Born: March 29, 1790 in Charles City County, Virginia.
Died: January 18,
1862 in Richmond, Virginia.
Married to Letitia Christian Tyler and to Julia
Dubbed "His Accidency" by his detractors, John Tyler was the
first Vice President to be elevated to the office of President by the
death of his predecessor.
Born in Virginia in 1790, he was raised believing that the Constitution
must be strictly construed. He never wavered from this conviction. He
attended the College of William and Mary and studied law.
Serving in the House of Representatives from 1816 to 1821, Tyler voted
against most nationalist legislation and opposed the Missouri Compromise.
After leaving the House he served twice as Governor of Virginia. As a
Senator he reluctantly supported Jackson for President as a choice of
evils. Tyler soon joined the states' rights Southerners in Congress who
banded with Henry Clay, Daniel Webster, and their newly formed Whig party
opposing President Jackson.
The Whigs nominated Tyler for Vice President in 1840, hoping for support
from southern states'-righters who could not stomach Jacksonian Democracy.
The slogan "Tippecanoe and Tyler Too" implied flagwaving nationalism
plus a dash of southern sectionalism.
Clay, intending to keep party leadership in his own hands, minimized
his nationalist views temporarily; Webster proclaimed himself "a
Jeffersonian Democrat". But after the election, both men tried to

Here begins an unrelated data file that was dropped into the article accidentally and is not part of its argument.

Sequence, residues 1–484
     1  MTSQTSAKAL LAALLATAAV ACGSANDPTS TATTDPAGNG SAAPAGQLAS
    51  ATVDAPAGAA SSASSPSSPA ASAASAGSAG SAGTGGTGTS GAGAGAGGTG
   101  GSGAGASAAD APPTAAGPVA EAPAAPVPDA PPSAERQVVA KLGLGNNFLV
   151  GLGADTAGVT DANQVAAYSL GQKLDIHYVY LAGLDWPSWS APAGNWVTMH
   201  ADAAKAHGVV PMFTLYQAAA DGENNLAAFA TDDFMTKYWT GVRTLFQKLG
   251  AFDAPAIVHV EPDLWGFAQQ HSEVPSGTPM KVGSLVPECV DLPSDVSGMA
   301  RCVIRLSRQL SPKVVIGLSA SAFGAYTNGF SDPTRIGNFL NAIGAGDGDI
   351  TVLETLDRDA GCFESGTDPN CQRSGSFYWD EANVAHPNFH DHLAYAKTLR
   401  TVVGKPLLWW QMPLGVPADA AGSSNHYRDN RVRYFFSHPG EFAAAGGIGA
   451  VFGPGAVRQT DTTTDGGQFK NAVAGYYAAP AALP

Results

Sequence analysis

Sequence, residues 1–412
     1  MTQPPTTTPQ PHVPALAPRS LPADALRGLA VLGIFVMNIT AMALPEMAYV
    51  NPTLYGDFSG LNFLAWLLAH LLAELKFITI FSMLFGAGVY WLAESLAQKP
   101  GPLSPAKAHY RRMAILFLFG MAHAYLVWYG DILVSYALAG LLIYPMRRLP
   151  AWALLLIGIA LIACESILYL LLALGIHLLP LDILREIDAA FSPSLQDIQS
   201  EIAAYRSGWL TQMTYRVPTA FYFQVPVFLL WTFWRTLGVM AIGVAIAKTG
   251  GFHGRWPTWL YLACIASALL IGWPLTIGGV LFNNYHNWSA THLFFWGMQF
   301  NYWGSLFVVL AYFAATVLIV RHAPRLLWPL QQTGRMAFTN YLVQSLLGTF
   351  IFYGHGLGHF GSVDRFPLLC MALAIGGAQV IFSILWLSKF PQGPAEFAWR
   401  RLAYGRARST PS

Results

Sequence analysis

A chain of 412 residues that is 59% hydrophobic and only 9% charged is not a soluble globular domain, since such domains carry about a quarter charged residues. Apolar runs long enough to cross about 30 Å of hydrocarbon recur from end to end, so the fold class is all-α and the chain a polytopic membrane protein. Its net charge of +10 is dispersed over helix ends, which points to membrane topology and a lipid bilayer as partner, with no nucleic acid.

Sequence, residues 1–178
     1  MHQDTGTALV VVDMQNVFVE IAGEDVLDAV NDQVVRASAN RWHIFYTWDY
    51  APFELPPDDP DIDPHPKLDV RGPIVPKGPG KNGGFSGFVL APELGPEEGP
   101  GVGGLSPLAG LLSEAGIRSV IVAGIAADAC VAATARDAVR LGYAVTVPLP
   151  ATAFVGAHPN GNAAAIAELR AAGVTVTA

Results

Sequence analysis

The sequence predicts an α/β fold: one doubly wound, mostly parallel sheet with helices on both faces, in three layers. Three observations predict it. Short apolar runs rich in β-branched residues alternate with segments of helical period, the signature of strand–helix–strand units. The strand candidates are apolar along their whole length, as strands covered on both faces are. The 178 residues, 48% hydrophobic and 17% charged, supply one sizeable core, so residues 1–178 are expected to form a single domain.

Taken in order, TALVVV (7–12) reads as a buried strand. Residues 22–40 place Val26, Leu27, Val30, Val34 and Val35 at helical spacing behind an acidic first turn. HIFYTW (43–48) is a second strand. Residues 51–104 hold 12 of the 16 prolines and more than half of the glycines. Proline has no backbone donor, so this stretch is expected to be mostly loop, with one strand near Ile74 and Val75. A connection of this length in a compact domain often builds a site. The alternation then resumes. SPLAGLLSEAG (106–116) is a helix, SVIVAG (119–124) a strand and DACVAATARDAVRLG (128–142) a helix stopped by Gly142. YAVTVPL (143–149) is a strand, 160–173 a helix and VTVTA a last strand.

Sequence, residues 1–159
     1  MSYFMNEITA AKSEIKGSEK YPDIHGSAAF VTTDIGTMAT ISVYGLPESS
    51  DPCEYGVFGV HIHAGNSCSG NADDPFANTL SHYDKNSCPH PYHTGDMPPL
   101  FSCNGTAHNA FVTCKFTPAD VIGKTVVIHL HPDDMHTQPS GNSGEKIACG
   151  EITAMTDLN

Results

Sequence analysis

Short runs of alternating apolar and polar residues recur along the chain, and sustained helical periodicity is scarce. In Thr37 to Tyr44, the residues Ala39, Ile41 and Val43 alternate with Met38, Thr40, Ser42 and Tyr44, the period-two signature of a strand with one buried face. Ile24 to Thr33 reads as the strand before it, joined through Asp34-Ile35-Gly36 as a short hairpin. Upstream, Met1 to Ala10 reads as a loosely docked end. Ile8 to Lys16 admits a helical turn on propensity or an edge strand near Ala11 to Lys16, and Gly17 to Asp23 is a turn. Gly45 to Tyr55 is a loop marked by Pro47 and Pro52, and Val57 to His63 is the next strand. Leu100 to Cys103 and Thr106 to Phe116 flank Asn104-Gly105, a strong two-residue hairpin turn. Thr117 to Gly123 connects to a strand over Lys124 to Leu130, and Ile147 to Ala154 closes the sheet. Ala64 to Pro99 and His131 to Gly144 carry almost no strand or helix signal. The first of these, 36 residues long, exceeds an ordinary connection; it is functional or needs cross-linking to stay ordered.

dominate "Old Tippecanoe".
Suddenly President Harrison was dead, and "Tyler too" was
in the White House. At first the Whigs were not too disturbed, although
Tyler insisted upon assuming the full powers of a duly elected President.
He even delivered an Inaugural Address, but it seemed full of good Whig
doctrine. Whigs, optimistic that Tyler would accept their program, soon
Tyler was ready to compromise on the banking question, but Clay would
not budge. He would not accept Tyler's "exchequer system" and
Tyler vetoed Clay's bill to establish a National Bank with branches in
several states. A similar bank bill was passed by Congress. But again,
on states' rights grounds, Tyler vetoed it.
In retaliation, the Whigs expelled Tyler from their party. All the Cabinet
resigned but Secretary of State Webster. A year later when Tyler vetoed
a tariff bill, the first impeachment resolution against a President was
introduced in the House of Representatives. A committee headed by Representative
John Quincy Adams reported that the President had misused the veto power,
but the resolution failed.
Despite their differences, President Tyler and the Whig Congress enacted
much positive legislation. The "Log-Cabin" bill enabled a settler
to claim 160 acres of land before it was offered publicly for sale, and
later pay $1.25 an acre for it.
In 1842 Tyler did sign a tariff bill protecting northern manufacturers.
The Webster-Ashburton treaty ended a Canadian boundary dispute; in 1845
Texas was annexed.
The administration of this states'-righter strengthened the Presidency.
But it also increased sectional cleavage that led toward civil war. By
the end of his term, Tyler had replaced the original Whig Cabinet with
southern conservatives. In 1844 Calhoun became Secretary of State. Later
these men returned to the Democratic Party, committed to the preservation
of states' rights, planter interests, and the institution of slavery.
Whigs became more representative of northern business and farming interests.
When the first southern states seceded in 1861, Tyler led a compromise
movement; failing, he worked to create the Southern Confederacy. He died
in 1862, a member of the Confederate House of Representatives.